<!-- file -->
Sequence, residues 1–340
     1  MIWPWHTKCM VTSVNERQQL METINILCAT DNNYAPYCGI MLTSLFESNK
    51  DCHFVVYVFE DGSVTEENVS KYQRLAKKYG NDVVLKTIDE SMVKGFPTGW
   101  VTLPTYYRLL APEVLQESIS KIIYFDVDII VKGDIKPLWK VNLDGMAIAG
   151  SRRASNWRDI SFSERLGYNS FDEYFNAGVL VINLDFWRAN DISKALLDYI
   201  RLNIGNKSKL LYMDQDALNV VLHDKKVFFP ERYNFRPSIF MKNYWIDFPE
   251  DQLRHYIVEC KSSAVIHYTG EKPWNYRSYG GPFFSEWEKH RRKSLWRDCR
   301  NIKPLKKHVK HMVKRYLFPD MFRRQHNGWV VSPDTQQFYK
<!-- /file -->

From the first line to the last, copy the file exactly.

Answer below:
Sequence, residues 1–340
     1  MIWPWHTKCM VTSVNERQQL METINILCAT DNNYAPYCGI MLTSLFESNK
    51  DCHFVVYVFE DGSVTEENVS KYQRLAKKYG NDVVLKTIDE SMVKGFPTGW
   101  VTLPTYYRLL APEVLQESIS KIIYFDVDII VKGDIKPLWK VNLDGMAIAG
   151  SRRASNWRDI SFSERLGYNS FDEYFNAGVL VINLDFWRAN DISKALLDYI
   201  RLNIGNKSKL LYMDQDALNV VLHDKKVFFP ERYNFRPSIF MKNYWIDFPE
   251  DQLRHYIVEC KSSAVIHYTG EKPWNYRSYG GPFFSEWEKH RRKSLWRDCR
   301  NIKPLKKHVK HMVKRYLFPD MFRRQHNGWV VSPDTQQFYK